When Gittines started to run marathons in 2011, her mother was severely ill because of cancer.
“I actually ran my first marathon two weeks before she passed away,” said Gittines. “I hadn’t trained. But I figured I’d go out and see how it was and I could push through the pain because I knew there was an end point. She didn’t have an end point and that’s what I thought when I ran. That helped me along in my run.”
After her mother died, she kept participating in marathons. Her memories with her mother always comes to her mind while she is running.
“I always think of her,” said Gittines. “When I grew up, we used to play golf with our families. And she was like, ‘here’s Kimberly! Putting for a birdie! It’s win! Yeah Kimberly!’ ”
Gittines said even though her mother had never watched her running marathons, she knew her mom would be supportive. “Whatever my brother and I did, she thought it was the best thing in the world.”
McCann’s niece, Regan Debennetto, 31, was also running in memory of her father, who died of a heart attack in 2002. After that, she began to run marathons. This time she ran for the American Heart Association and planned to raise money for them by finishing the whole course.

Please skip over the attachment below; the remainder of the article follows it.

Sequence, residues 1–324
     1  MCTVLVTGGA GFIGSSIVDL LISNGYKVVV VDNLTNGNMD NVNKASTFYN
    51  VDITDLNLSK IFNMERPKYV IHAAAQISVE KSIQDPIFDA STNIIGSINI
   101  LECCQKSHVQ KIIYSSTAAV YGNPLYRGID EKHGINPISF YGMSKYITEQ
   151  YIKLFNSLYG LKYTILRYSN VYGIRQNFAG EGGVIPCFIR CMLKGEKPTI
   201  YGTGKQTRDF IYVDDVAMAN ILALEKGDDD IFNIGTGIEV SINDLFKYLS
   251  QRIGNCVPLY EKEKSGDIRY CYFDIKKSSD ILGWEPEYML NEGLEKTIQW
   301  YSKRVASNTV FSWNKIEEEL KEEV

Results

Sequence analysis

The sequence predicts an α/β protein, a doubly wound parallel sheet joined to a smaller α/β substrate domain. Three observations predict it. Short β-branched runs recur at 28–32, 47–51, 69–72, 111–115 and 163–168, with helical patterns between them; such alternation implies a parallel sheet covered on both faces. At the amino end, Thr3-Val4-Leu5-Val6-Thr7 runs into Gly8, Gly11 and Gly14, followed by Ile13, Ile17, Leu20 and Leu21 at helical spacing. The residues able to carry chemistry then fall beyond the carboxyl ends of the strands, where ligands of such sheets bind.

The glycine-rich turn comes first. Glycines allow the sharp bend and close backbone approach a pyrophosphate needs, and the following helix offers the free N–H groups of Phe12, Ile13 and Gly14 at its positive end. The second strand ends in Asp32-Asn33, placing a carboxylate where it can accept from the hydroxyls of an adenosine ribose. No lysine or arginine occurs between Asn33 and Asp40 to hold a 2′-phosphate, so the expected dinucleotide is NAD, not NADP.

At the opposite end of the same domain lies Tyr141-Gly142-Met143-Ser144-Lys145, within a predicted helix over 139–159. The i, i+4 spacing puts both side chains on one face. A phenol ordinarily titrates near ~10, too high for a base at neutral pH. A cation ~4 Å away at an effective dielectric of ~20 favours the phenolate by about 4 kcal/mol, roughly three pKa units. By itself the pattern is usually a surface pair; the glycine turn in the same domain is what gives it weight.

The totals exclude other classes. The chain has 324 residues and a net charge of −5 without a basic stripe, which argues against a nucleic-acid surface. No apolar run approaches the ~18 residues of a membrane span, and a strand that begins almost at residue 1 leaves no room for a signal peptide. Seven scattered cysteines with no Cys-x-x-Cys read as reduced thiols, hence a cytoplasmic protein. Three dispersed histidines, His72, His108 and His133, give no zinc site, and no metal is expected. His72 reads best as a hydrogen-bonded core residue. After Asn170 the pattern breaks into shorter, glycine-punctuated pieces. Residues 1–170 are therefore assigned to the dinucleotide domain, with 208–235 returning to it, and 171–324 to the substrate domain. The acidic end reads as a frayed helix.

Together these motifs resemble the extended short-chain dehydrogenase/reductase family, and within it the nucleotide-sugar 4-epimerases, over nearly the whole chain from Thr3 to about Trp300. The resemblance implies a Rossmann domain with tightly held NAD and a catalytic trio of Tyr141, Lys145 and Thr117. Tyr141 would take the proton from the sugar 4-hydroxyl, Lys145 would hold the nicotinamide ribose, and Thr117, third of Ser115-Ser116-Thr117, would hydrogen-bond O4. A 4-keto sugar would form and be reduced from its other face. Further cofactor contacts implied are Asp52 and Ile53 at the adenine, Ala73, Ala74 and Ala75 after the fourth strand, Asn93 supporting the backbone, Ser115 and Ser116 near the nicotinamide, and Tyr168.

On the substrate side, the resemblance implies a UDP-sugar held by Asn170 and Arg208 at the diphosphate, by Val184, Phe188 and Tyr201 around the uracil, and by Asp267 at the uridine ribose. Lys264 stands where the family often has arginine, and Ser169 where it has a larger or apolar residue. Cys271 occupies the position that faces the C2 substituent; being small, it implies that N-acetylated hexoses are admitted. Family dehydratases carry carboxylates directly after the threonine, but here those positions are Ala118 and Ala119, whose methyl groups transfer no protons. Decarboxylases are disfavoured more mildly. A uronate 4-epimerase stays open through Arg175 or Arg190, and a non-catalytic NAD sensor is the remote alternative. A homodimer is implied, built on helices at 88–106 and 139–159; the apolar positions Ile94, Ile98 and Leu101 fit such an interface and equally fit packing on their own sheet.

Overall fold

“For my niece, she says every five miles she runs for one person and she doesn’t want to let them down,” said McCann. “So five miles she runs for her father; five miles she runs for her grandmother and she wants to go home and tell grandma about those five miles she ran for her.”
Aoiko Moisu, from Tokyo, Japan, ran the 2014 TCS New York City Marathon dressed as a samurai.
Photo by Maria Panskaya
by Maria Panskaya
Gusty freezing winds greeted runners as they got off the Staten Island Ferry to run the 2014 TCS New York City Marathon this morning. One by one, as they exited the ferry terminal, sleepy participants hurried to get to the warm buses, almost competing with each other for a cozy bus seat.